Photo credit: DiasporaEngager (www.DiasporaEngager.com).
There is a disturbing trend on college and university campuses: anytime an event celebrating Jewish or Israeli identity is organized, anti-Zionist students groups like Students for Justice in Palestine (SJP) often verbally abuse and publicly accosting Zionist students and guest speakers, falsely accusing them of “ethnic cleansing,” “colonialism,” and “apartheid.”
Last month, SJP at Boston University participated in “Israeli Apartheid Week” — an insidious campaign that the National SJP organization promoted. Between March 20 and 24, SJP at BU held a series of events demonizing “Zionists,” a dog whistle often used interchangeably with “Jews” and “Israelis.” The group also made numerous Instagram posts depicting the State of Israel as the perpetrator of senseless violence against Palestinians. This is, of course, false.
On March 20, SJP hosted Sumaya Awad, a Palestinian socialist who was a founding member of SJP at Williams College.
During her talk, Awad claimed that “this whole support we are seeing between the US and Israel is not about fighting antisemitism … it’s about money.” Awad also asserted that Israel has poured millions of dollars into college campuses to “spread propaganda.” This is a comment similar to Congresswoman Ilhan Omar (D-MN)’s 2019 antisemitic tweet, saying it was “all about the Benjamins.”
Additionally, Awad has expressed support for violent protestors. In March 2018, Awad posted her support on Facebook for the “March of Return” protest, where 30,000 Palestinians approached the Israeli-Gaza border. The March of Return was organized by Hamas, a terrorist organization that has been controlling the Gaza Strip since 2007.
In March 2021, Awad published an article asserting that anti-Zionism does not equate to antisemitism. Awad compared Zionist leaders to Nazis and other modern-day fascists, claiming that “Zionism’s colonial character helps explain why its leaders, past and present, have aligned with far-right and violently antisemitic figures: from Nazis in the 1930s to Viktor Orbán or Jair Bolsonaro today.”
Not only is this inaccurate, but it is also antisemitic, as articulated by the IHRA working definition of antisemitism.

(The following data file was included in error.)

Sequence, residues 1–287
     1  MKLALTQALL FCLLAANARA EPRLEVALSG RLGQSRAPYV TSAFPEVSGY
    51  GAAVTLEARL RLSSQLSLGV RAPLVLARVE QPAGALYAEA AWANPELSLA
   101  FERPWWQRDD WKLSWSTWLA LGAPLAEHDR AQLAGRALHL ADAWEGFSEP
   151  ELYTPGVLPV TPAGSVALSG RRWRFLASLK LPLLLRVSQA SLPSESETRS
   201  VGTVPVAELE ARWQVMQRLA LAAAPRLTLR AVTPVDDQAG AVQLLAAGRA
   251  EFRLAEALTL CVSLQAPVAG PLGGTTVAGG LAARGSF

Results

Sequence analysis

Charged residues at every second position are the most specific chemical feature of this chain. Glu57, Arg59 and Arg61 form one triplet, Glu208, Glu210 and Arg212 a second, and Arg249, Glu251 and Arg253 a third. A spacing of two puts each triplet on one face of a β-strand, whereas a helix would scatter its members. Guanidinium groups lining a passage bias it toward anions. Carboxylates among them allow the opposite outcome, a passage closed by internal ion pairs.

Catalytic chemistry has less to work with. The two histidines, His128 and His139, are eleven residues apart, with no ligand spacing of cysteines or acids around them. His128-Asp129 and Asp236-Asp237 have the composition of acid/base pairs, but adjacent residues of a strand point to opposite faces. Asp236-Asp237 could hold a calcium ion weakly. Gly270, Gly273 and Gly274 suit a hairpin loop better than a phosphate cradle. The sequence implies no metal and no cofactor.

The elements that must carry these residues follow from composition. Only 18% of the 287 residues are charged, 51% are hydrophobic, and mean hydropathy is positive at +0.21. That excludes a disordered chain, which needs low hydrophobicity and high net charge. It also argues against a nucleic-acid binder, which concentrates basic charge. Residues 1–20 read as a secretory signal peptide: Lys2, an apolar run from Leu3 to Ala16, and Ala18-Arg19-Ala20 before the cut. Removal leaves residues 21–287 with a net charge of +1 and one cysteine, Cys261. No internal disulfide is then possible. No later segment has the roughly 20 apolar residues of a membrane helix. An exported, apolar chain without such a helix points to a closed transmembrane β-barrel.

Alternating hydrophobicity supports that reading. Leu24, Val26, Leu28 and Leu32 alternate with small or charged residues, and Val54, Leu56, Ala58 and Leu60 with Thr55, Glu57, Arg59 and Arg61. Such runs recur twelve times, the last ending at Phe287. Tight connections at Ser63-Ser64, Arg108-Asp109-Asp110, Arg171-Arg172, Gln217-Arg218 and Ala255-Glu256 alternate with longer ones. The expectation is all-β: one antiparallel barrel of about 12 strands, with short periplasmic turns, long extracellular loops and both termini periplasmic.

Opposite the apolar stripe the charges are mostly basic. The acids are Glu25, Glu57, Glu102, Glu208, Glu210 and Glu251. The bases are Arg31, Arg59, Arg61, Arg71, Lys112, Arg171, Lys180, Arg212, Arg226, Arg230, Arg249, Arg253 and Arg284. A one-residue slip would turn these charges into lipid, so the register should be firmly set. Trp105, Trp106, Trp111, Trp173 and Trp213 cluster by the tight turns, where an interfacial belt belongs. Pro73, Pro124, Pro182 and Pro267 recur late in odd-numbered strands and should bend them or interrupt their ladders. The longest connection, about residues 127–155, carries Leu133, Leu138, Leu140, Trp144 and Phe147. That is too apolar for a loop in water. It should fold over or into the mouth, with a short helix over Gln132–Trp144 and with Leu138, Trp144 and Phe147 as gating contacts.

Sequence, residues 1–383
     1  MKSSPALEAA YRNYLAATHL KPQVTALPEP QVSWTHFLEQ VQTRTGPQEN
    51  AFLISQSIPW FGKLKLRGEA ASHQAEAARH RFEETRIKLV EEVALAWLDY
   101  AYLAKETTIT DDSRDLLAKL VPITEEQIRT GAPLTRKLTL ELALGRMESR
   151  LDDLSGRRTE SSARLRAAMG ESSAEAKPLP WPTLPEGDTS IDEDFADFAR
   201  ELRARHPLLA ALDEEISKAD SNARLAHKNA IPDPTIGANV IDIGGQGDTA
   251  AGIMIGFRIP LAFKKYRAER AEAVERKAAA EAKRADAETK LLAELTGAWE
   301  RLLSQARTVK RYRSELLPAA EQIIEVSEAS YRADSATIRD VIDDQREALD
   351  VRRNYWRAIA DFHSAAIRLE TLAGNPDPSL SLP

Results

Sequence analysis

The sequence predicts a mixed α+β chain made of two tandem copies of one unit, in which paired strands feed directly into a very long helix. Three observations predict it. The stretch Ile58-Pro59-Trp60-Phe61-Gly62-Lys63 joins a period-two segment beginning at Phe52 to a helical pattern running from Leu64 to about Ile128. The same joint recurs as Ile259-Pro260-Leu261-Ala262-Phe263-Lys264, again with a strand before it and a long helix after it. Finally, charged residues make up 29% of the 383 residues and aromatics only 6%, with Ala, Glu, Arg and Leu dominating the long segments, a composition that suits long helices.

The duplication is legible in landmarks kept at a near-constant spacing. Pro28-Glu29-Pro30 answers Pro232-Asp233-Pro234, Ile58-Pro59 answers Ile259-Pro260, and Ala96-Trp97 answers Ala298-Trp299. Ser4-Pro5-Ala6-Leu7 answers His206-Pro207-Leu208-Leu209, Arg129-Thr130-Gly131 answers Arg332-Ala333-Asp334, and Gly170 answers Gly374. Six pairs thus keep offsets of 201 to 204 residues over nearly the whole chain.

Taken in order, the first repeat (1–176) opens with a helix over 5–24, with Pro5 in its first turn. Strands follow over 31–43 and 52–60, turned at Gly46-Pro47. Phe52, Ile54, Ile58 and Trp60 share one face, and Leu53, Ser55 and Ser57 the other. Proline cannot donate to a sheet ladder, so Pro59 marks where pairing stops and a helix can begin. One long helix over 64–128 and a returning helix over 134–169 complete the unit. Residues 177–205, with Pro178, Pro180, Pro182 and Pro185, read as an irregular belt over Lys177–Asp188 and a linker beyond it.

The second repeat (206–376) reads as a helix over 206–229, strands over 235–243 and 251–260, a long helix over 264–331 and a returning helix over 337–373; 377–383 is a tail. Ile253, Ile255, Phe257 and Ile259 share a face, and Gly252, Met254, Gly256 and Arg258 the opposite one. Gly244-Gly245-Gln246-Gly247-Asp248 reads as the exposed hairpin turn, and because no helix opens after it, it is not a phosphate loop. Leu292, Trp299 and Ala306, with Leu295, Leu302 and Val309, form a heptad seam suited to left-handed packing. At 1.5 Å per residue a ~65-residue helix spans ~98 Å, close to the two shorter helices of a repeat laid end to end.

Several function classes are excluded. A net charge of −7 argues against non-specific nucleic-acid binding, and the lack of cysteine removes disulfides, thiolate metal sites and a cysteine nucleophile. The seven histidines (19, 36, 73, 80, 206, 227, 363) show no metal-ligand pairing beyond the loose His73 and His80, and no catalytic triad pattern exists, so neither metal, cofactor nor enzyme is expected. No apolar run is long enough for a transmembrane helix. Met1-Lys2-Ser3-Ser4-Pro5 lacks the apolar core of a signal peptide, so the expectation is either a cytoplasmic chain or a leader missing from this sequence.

Two days later, SJP at BU hosted Rashid Khalidi, a professor of modern Arab studies at Columbia University, known for making antisemitic statements.
In November 2020, Khalidi took part in a virtual interview with the Association for Student Activism for Palestine (ASAP), where he completely denied Jewish people’s connection to the Land of Israel. In the interview, he stated, “It’s not between two indigenous peoples … The Palestinian people are the indigenous population of the country. The Zionist movement brought in from Europe people who had a religious attachment to Palestine, people who could claim an attachment to Palestine, people who saw themselves as Europeans.”
This statement is demonstrably false, and ignores the consistent Jewish presence in Israel over the last 4,000 years or the fact that the majority of Jewish Israelis are of Middle Eastern and North African origin.
SJP has a long history of committing acts of intimidation toward Jewish and Israeli students on Boston University’s campus. In December 2021, SJP wrote “Long Live the Intifada” on BU’s Greek Rock on central campus, a phrase commonly used to call for violence against Jews. The student group also protested the Jewish National Fund (JNF)’s summit in Boston in November 2022, waving signs calling for “Palestine to be free from the river to the sea” — a euphemism for the destruction of the state of Israel.
SJP at BU also attempted to shut down the Jerusalem: City of Change forum hosted by the Elie Wiesel Center for Jewish Studies, the Department of Religion, and the program in Archaeology in collaboration with the Israel Antiquities Authority (IAA) this past November. I addressed BU SJP’s preposterous and libelous assertions in an op-ed published by The Algemeiner.
Earlier this Spring, a BU student published an op-ed article in BU’s student newspaper, The Daily Free Press.
In the article, the student downplayed the extremism and blatant antisemitism in the “Mapping Project,” a website created by supporters of the antisemitic Boycott, Divestment, and Sanctions campaign against Israel. The Mapping Project website calls for dismantling “local entities” they believe are “enacting devastation.” Even though the website targeted Jewish schools, Jewish nonprofits, and universities (including BU), the author conceded to the inaccurate assertions made by the Mapping Project.
Despite directly addressing me in his article, The Daily Free Press would not guarantee that a response op-ed written by me would be published.
Speaking out as a Jewish and pro-Israel student is becoming increasingly challenging. A study by Alums for Campus Fairness surveyed 75 universities from 2017 to 2022, and discovered that of 195 news articles about Israel across these campuses, only 18 were positive. Editorial boards are endorsing the BDS campaign and taking down pro-Israel op-eds.
Boston University interim President Kenneth Freeman and his administration must take action to turn the tide against Jew-hatred hatred where anti-Zionists continue to push their hateful agenda.
Yonatan Manor is a rising Junior studying Film & Television at Boston University and a CAMERA on Campus Fellow.
Source of original article: Yonatan Manor / Opinion – Algemeiner.com (www.algemeiner.com).
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